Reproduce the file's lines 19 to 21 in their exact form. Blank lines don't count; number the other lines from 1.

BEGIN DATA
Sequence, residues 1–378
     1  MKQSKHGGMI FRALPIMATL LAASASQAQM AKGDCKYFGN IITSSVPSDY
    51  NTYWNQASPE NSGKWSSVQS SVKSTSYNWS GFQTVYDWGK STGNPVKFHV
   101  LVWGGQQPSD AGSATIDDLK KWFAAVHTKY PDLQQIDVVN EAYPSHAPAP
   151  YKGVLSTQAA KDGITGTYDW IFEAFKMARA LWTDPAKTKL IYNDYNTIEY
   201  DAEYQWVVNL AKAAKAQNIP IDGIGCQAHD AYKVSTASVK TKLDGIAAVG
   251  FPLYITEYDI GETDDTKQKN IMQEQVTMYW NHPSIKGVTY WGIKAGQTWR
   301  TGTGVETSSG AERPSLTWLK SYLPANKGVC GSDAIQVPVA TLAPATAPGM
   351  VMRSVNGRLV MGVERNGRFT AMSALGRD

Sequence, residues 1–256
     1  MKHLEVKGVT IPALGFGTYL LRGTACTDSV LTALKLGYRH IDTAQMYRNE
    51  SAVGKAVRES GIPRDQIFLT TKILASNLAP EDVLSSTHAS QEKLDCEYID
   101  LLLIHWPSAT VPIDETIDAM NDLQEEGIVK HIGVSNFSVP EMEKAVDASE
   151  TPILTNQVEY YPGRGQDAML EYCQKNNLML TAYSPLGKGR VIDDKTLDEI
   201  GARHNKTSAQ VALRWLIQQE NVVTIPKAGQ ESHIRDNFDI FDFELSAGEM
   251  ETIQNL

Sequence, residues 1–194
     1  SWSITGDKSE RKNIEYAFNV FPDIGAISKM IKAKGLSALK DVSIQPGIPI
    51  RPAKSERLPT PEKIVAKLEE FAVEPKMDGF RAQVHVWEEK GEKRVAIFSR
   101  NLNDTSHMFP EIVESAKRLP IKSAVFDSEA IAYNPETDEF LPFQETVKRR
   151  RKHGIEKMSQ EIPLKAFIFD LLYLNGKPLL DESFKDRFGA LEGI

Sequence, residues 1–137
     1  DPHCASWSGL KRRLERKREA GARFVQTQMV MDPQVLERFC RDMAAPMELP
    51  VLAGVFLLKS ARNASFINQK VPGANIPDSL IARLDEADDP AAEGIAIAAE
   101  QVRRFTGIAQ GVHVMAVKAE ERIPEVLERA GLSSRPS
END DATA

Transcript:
    51  RPAKSERLPT PEKIVAKLEE FAVEPKMDGF RAQVHVWEEK GEKRVAIFSR
   101  NLNDTSHMFP EIVESAKRLP IKSAVFDSEA IAYNPETDEF LPFQETVKRR
   151  RKHGIEKMSQ EIPLKAFIFD LLYLNGKPLL DESFKDRFGA LEGI